Swaying Miscanthus Image: Shutterstock
Wageningen University & Research is looking for alternatives to plastic, not just to prevent pollution, but also to reduce the use of fossil resources. Watch this video about the Fossil Free mission to find out more.
Wouldn’t a plastic-free world be amazing? No more plastic soup in the oceans, no microplastic in the food and bodies of humans and animals, not to mention that we would substantially reduce the demand for fossil resources, which are currently used to make all those plastics. WUR is doing all it can to find fossil-free alternatives to plastic. One example is catalytic convertors that capture CO2 from the air that is then used as the basis for new materials to replace plastic — research that biobased chemist Harry Bitter is working on. Another is the cultivation of Miscanthus (also known as elephant grass) as a substitute for petroleum that can be used for sustainable bioplastic or even cycle paths. Luisa Trindade, a geneticist/plant breeder at Wageningen, thinks that farmers in Europe will be able to grow Miscanthus within five years: “It’s technically possible already, but the costs are too high. We need to optimise the product and the process.”
If you randomly chuck all the plastics together, you’ll be lucky to even make a roadside post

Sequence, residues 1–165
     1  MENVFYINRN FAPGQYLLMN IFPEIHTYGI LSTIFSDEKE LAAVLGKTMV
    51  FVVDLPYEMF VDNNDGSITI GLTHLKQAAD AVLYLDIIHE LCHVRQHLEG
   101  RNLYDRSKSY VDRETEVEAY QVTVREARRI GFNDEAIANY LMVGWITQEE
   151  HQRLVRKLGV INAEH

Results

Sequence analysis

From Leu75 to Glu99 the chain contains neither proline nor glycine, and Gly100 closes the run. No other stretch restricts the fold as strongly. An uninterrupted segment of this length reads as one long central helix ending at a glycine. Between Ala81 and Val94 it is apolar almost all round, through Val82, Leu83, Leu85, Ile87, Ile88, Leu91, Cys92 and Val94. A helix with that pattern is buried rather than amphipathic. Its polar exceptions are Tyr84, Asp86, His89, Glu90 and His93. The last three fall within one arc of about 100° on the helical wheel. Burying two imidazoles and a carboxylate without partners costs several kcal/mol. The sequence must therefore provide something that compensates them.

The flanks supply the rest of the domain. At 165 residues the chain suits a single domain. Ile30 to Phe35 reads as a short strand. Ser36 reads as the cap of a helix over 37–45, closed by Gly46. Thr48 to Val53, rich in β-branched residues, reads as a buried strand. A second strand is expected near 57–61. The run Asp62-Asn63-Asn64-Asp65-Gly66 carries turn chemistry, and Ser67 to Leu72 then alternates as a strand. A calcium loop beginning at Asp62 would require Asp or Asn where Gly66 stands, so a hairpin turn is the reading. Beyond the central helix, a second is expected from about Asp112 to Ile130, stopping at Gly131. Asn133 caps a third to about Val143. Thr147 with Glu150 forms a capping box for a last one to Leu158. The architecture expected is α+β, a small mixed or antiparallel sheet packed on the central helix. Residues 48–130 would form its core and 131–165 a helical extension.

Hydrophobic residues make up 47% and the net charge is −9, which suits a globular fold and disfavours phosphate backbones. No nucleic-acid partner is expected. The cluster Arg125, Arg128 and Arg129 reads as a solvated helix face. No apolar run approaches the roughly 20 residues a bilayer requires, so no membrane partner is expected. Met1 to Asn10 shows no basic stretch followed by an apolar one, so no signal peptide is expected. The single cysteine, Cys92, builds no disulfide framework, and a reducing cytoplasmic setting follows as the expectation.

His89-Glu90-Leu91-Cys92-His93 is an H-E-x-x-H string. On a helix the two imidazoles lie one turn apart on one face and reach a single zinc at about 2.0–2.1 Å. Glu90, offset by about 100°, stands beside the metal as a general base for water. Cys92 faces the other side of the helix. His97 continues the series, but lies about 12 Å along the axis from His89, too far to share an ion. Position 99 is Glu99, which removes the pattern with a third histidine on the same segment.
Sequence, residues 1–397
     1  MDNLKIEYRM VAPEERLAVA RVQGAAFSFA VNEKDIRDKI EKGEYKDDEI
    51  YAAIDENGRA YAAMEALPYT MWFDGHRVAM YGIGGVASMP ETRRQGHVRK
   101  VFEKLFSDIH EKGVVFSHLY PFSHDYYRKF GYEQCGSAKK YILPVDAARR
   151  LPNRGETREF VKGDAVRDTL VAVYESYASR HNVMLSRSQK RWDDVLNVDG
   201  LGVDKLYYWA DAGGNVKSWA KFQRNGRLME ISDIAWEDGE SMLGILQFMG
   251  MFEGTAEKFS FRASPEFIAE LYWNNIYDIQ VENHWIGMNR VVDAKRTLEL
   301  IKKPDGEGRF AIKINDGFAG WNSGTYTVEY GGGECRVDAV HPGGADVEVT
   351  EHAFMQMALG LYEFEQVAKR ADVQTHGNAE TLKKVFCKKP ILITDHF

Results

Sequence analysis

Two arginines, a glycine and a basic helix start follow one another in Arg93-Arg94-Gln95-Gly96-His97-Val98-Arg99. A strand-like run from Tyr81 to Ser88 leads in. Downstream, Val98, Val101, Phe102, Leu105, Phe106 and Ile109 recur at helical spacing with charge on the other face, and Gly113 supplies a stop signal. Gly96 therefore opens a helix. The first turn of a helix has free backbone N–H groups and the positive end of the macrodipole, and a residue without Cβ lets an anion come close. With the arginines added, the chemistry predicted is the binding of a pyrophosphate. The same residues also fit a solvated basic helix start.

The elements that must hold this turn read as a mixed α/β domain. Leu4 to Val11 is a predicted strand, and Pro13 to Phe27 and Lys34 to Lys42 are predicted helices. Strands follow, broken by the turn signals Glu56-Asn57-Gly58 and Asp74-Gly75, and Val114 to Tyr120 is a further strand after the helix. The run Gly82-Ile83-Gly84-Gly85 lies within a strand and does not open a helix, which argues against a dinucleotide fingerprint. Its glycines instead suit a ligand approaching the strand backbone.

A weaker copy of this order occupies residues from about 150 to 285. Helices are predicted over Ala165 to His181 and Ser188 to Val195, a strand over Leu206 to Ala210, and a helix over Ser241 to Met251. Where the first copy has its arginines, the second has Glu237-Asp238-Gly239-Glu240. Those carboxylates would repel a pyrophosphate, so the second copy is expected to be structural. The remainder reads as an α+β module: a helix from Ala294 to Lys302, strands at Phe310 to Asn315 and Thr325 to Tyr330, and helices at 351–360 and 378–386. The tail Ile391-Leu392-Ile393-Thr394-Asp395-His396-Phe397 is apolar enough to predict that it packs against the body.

But bioplastic is not ideal either. Manufacturing new materials takes a lot of energy and natural resources, which makes it a burden on the environment, stresses Harriëtte Bos, an expert on circular economy. Therefore, we are better off reusing the huge amount of plastic we already have rather than burning it. But that also means we need to separate the plastic properly, as there are big differences between the different types. Bos: “If you randomly chuck them all together, you’ll be lucky to even make a roadside post.” So there is work to be done, especially when you realise that bioplastic only makes up half a per cent of all plastics, according to Bos. Watch the video for the full story about the Fossil Free mission.
Mission Fossil Free The question is not if we will switch to a bio-based economy, but when, according to researchers of Wageningen University & Research. They are looking for bio-based alternatives to plastics with great urgency – not just to prevent pollution, but mainly to counteract the use of fossil raw materials. And there is a lot of work to be done: only half a percent of all plastics consists of bioplastic.